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Deliver safety through more rest areas, better technology

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17 August 2020
Consistent, mandatory standards for truck rest areas are needed, Australian Trucking Association Chief of Staff Bill McKinley told a parliamentary inquiry today.  
 
Mr McKinley was giving evidence before the Joint Select Committee on Road Safety, which is inquiring into and reporting on the impact of road trauma and how to support the Australian Parliament’s resolve to reduce incidents on our roads. 
 
“We still need consistent standards for building rest areas, including basic amenities like toilets, water and shade,” Mr McKinley said.  
 
“The road is a truck driver’s workplace; they deserve to have access to facilities like any other worker,” he said.  
 
Mr McKinley said progress was being made on rest areas.  
 
“In our submission, we noted that rest areas on Australia’s major highways were not eligible for funding under the Heavy Vehicle Safety and Productivity Program,” he said.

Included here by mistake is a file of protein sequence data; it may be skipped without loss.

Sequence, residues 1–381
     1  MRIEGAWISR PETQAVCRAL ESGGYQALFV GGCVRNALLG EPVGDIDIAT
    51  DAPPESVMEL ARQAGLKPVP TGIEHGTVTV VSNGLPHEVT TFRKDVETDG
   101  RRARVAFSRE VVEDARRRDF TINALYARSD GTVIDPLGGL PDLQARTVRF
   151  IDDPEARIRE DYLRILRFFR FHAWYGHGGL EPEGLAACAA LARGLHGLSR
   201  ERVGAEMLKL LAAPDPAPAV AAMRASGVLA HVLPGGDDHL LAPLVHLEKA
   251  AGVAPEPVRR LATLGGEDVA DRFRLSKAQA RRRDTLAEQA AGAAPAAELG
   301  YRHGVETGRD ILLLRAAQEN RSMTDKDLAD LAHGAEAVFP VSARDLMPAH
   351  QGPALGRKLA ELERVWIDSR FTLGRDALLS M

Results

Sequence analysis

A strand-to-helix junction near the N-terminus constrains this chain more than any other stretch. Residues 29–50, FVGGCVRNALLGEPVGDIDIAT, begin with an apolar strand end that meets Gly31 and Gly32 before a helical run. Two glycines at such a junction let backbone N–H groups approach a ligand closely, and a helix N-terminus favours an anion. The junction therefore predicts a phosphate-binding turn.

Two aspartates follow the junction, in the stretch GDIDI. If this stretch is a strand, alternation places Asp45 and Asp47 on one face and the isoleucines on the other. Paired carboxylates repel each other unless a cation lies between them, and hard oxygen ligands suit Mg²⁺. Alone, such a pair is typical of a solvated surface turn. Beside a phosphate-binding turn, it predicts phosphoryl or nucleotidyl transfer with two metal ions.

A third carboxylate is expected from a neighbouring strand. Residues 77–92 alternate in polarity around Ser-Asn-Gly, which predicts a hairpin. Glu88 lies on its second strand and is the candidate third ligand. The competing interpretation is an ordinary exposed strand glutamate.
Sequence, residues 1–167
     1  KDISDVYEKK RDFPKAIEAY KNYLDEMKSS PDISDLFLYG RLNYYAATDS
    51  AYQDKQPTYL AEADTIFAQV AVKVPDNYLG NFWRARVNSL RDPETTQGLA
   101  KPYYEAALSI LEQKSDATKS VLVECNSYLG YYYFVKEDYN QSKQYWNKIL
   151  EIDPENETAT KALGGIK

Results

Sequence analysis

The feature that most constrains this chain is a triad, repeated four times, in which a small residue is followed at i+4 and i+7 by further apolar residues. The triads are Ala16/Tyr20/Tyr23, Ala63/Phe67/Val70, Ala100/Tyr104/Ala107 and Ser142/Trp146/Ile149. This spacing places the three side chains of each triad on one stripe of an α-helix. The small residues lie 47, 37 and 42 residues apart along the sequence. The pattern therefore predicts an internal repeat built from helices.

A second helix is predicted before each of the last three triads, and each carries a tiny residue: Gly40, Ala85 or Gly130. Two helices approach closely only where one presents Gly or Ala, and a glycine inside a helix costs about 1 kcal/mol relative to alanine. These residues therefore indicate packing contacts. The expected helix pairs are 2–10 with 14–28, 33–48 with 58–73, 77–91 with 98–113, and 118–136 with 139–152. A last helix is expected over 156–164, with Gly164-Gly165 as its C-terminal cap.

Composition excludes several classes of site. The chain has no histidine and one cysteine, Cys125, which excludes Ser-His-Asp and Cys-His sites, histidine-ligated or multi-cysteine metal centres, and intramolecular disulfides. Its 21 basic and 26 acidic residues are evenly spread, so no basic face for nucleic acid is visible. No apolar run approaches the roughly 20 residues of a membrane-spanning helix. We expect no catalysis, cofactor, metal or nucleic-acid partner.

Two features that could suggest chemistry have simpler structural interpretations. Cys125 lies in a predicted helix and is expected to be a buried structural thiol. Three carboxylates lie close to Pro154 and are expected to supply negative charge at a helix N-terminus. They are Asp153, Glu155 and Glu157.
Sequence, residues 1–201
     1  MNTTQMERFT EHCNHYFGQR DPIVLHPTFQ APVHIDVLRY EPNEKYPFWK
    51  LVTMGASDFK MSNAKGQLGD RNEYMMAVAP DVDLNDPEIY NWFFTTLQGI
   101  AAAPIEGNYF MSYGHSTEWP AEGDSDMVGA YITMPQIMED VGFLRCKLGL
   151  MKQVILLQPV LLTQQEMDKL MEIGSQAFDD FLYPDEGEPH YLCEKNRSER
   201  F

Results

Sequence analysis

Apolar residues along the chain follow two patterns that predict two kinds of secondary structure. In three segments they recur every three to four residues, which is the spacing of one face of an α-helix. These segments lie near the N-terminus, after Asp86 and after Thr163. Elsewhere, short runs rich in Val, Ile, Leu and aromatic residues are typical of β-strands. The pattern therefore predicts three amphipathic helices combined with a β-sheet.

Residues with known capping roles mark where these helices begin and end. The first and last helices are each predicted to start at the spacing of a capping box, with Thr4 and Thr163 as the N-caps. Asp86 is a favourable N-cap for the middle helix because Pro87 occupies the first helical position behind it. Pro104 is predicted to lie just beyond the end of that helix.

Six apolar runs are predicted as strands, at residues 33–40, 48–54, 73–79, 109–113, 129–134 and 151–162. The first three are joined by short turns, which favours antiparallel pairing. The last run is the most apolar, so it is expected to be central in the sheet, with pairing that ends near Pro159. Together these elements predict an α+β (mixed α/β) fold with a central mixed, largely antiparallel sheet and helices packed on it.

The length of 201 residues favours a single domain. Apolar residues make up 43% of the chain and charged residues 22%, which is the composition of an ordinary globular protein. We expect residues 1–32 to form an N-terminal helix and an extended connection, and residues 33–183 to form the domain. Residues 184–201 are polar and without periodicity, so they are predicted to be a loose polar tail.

“Under round seven of the program, announced in March, those rest areas can now be funded.” 
 
Mr McKinley highlighted the need to accelerate the uptake of proven safety technologies. 
 
“If implemented with an extension of mandatory electronic stability control to new rigid trucks, mandating autonomous emergency braking would save 102 lives and prevent 2,564 serious injuries on our roads,” he said.  
 
Mr McKinley said the ATA submission put forward a detailed plan to address the overwhelming number of certification and customer audits. 
 
“TruckSafe certification is an assurance for everyone that trucking businesses are safe, but there are two government certification schemes and many industry customers insist on doing their own safety audits too,” he said. 
 
Mr McKinley said that while progress had been made in reducing the number and rate of truck crashes, the number of crashes involving trucks was still unacceptable.  
 
“The ATA supports a vision zero target. Every road user should be able to get home safely, every day,” he said. 
 
“We need safer roads, safer vehicles, better safety systems and better information to link it all together,” he said.  
 
The ATA appeared before the committee in conjunction with ATA member association NatRoad. 
 
The ATA and its member associations collectively represent the 50,000 businesses and 200,000 people in the Australian trucking industry. Together, the ATA and its members are committed to safety, professionalism and viability.